Democrats blame climate change for the historic freeze, but Republicans say clean energy worsened the crisis.
Officials at the Texas power grid operator responsible for providing electricity to more than 26 million people across the US state are stepping down, after a winter storm cut millions off from electricity and water and led to dozens of deaths.
Four board members of the Electric Reliability Council of Texas (ERCOT) are resigning, effective on Wednesday, a day before Texas legislators are set to begin hearings over the enormous power failure.
All of the resigning board members, including the chairwoman, live outside of Texas – a fact that spurred even greater criticism of the operator.
In a joint-resignation letter to grid members and the state’s Public Utility Commission, which oversees ERCOT, they said their decision aims “to allow state leaders a free hand with future direction and to eliminate distractions”.
Historic snowfall and single-digit temperatures in Texas last week left millions without power and water for days.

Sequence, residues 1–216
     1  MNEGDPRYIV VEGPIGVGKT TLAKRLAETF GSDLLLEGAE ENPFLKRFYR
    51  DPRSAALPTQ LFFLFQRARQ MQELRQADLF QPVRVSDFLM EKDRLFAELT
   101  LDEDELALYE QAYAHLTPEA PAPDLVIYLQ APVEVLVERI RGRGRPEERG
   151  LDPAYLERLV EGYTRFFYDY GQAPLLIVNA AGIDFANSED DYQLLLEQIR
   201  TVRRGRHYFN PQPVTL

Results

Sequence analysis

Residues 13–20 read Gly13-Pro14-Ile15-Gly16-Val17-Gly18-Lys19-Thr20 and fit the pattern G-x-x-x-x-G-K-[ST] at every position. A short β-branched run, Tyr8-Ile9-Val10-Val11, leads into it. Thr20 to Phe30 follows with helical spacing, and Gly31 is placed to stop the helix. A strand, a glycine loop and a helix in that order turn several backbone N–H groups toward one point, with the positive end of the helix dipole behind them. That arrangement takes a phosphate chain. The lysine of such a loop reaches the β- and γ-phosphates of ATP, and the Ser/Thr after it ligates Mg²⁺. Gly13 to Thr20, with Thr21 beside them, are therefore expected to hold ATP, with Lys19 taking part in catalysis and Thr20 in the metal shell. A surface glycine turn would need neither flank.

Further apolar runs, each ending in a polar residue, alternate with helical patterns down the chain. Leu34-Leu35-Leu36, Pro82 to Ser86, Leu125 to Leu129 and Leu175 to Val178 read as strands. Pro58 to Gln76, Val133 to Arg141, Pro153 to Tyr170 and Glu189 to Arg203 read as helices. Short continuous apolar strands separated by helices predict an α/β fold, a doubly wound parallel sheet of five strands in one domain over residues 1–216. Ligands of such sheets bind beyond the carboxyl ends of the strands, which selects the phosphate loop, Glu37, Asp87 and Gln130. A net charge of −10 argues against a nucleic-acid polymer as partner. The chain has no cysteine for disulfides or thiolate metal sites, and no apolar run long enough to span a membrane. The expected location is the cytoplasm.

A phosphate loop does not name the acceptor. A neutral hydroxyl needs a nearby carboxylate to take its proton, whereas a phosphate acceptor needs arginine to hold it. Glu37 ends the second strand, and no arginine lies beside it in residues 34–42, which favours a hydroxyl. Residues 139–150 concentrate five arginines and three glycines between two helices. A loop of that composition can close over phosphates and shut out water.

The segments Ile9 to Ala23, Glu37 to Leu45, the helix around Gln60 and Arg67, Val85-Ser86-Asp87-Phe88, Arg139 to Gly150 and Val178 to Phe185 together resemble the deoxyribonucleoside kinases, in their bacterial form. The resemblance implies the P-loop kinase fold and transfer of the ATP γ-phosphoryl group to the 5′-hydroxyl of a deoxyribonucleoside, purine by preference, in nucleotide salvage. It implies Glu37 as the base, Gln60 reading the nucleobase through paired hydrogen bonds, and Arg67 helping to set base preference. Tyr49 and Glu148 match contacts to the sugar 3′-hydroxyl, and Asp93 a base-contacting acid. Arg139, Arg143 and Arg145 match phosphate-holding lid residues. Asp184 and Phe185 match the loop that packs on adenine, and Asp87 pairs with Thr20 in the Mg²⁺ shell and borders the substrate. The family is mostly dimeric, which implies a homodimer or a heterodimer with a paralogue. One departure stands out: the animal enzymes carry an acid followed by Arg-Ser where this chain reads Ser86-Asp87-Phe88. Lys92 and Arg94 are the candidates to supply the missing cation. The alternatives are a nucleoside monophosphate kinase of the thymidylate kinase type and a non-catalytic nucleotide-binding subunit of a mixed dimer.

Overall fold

The storm was part of any icy blast that has been blamed for at least 80 deaths.
Texas Governor Greg Abbott has put much of the blame for the outages on ERCOT but the problems went beyond the operator, as power plants were knocked offline by the extreme cold and natural gas producers did not protect wellheads from freezing.
Abbott on Tuesday welcomed the ERCOT board resignations, saying the organisation’s “lack of preparedness and transparency … is unacceptable”.
“The State of Texas will continue to investigate ERCOT and uncover the full picture of what went wrong, and we will ensure that the disastrous events of last week are never repeated,” he said in a statement shared on social media.
Although temperatures got warmer across Texas and power has been restored to most people across the state, more than 15,000 homes remained without power on Tuesday, according to PowerOutage.US, which tracks blackouts across the United States.
The deep freeze also cut many households off from clean water, forcing state officials to set up bottled water distribution points across the state.
Many are questioning how the disaster happened, and calls are growing for accountability and concrete action to prevent a similar situation from happening again.
In an interview with the broadcaster CBS on Sunday, Houston Mayor Sylvester Turner said the disaster was “foreseeable and preventable”.
Turner also said the state must bear responsibility for any exorbitant electricity costs residents may be billed for.